Producer Profile: Alex Newport (At The Drive-In, Death Cab For Cutie, City and Colour)
May 19, 2011 by Justin Colletti
“I try my best to take each project on a completely individual level,” says Producer/Engineer Alex Newport.
It’s the only method that makes sense for a man who began his career playing uncategorizable sludge metal with Fudge Tunnel in 1989 and ended up earning a “Best Alternative Album” nod at the 2009 Grammys for his role on Death Cab For Cutie’s Narrow Stairs.
It’s been a long and varied two decades for this UK native who spent time writing songs with members of Sepultura before bringing order to the frenetic noise of The Locust and Polysics, producing genre-defining artists At The Drive-In and Death Cab For Cutie, and more recently, opening up to acoustic performers including O’Death and his latest collaborator City and Colour.
To Newport’s ear, the common thread through all these projects has simply been “passion, energy, and honesty.”
“Each of them are true individual musicians,” he says when asked about the ties between some of the most recognizable names on his discography. “None of those bands were trying to sound like anybody else.”
“You find a lot of bands that have a confidence issues and try to sound more like some obvious reference point. I try to encourage bands to do their own thing and figure out what’s unique to them.”
BAPTISM BY FIRE
Birthing the sound of sludge in Nottingham, UK
“It was a strange time,” says Newport of his days developing the sound of his own band, Fudge Tunnel, in Nottingham. “Later on we found out that we were a Grunge band. But we didn’t know it at the time,” he laughs. “There was no name for it in 1989. We were too heavy for Punk but too sloppy to be Metal.”
“I had no background with technology, but I had the background of music. At first [my method] was random, but it worked.”
It wasn’t long before he found himself thrust into the role of producer out of aesthetic necessity.
“At that time in the UK there weren’t very many guitar bands. It just wasn’t a popular thing. The people running the studios didn’t seem to have any idea how to capture a rock band sound at all, and we would find ourselves getting into these fantastic arguments with engineers.
“I remember one session in particular where everyone was very unhappy, and I sort of ended up taking over the desk… It was interesting because I didn’t really know what I was doing. I just started twisting knobs left and right. After 30 minutes it just started to sound better to everybody.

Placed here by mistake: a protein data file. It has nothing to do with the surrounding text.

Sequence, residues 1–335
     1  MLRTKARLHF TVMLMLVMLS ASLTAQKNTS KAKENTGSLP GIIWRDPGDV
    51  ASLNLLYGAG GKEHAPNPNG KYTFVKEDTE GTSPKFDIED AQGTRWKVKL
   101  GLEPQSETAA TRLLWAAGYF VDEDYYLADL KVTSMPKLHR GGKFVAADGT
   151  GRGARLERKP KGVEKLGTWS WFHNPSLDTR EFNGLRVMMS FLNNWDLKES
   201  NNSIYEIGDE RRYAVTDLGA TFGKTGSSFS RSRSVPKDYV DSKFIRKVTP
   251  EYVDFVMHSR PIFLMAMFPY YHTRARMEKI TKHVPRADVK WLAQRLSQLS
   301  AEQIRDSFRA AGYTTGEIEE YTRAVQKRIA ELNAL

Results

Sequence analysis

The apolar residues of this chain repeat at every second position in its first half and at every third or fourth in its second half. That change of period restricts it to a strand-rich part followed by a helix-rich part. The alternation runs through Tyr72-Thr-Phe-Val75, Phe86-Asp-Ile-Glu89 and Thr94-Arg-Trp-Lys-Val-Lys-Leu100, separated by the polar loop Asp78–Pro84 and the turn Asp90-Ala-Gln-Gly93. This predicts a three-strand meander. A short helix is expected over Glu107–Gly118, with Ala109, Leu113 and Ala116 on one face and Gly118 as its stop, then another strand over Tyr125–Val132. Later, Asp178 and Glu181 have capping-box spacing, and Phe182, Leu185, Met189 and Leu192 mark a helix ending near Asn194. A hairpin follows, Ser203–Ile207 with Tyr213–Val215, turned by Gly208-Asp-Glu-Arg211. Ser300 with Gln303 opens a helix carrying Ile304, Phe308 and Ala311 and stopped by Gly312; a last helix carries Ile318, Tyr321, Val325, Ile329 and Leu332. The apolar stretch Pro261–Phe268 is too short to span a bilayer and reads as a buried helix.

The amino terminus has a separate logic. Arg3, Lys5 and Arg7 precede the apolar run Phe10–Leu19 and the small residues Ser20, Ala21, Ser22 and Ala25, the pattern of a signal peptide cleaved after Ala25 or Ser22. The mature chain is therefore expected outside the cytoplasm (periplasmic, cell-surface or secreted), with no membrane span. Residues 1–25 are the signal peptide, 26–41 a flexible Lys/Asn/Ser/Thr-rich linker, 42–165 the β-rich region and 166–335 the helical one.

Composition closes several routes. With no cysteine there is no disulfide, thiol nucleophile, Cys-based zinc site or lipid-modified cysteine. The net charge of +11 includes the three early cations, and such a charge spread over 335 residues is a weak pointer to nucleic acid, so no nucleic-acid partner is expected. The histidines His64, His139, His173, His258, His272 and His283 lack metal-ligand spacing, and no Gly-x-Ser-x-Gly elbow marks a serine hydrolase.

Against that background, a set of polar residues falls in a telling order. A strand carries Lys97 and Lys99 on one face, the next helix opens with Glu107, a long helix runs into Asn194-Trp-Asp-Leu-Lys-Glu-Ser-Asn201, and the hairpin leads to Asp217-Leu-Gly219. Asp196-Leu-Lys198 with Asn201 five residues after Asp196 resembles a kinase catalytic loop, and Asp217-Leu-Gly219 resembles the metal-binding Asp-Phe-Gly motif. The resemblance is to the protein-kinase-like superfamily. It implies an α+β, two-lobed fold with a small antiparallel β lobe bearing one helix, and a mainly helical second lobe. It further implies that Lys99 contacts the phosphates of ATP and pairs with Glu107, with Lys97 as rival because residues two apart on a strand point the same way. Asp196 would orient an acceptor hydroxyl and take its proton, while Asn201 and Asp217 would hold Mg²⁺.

“The reference points at the studio were all these Manchester bands, kind of guitar pop. We all loved a lot of that stuff too, but it just wasn’t what we were trying to do. We really loved Led Zeppelin and Punk Rock, and we were going for a much bigger sound. Not a lot of people know how to do that, even now.
“I had no background with technology, but I had the background of music. At first [my method] was random, but it worked.”
Newport started “hanging around” these studios and found that friends and bands around town were asking him to get involved in their projects. “At first I wasn’t charging people money because I was kind of making it up as I went along. But I ended up working with a few good producers and learned a bit from them a bit too.”
For a short time Newport wrote songs and played with members of Sepultura, Dead Kennedys and Biohazard in the band Nailbomb, and toured with the acclaimed noise rock trio Theory or Ruin before ultimately making the choice between producing and performing.
WHERE DO YOU EVEN START?
Or, “I feel sorry for the guy who has to record them.“
One of the themes that often pops up, especially on Newport’s early discography, is his mastery with music that tends toward relentless energy and dense arrangements.
His productions with bands like O’Death and Polysics have skillfully captured those artists’ tightly-wound and immediate dynamic without dilution. Much further down that road lies the jarring sound of The Locust.
Even this band’s most ardent fans have been known to describe their distinctive style as “An undecipherable wall of sound”. But in Newport’s hands, their chaos takes on unexpected clarity, if not order.